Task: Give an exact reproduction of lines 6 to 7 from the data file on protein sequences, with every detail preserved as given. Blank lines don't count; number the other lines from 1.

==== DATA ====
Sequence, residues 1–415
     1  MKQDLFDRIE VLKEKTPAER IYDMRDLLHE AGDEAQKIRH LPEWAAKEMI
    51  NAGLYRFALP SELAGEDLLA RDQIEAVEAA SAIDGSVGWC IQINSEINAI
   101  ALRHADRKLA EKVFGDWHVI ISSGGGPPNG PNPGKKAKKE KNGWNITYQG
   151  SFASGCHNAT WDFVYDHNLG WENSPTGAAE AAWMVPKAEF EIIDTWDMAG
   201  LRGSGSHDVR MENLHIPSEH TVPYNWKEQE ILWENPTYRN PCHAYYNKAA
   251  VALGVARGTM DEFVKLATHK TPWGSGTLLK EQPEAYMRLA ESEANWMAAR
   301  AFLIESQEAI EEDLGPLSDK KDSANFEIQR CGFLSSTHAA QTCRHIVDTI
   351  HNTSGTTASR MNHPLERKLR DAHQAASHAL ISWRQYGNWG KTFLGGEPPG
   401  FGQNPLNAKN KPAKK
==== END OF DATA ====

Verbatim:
   201  LRGSGSHDVR MENLHIPSEH TVPYNWKEQE ILWENPTYRN PCHAYYNKAA
   251  VALGVARGTM DEFVKLATHK TPWGSGTLLK EQPEAYMRLA ESEANWMAAR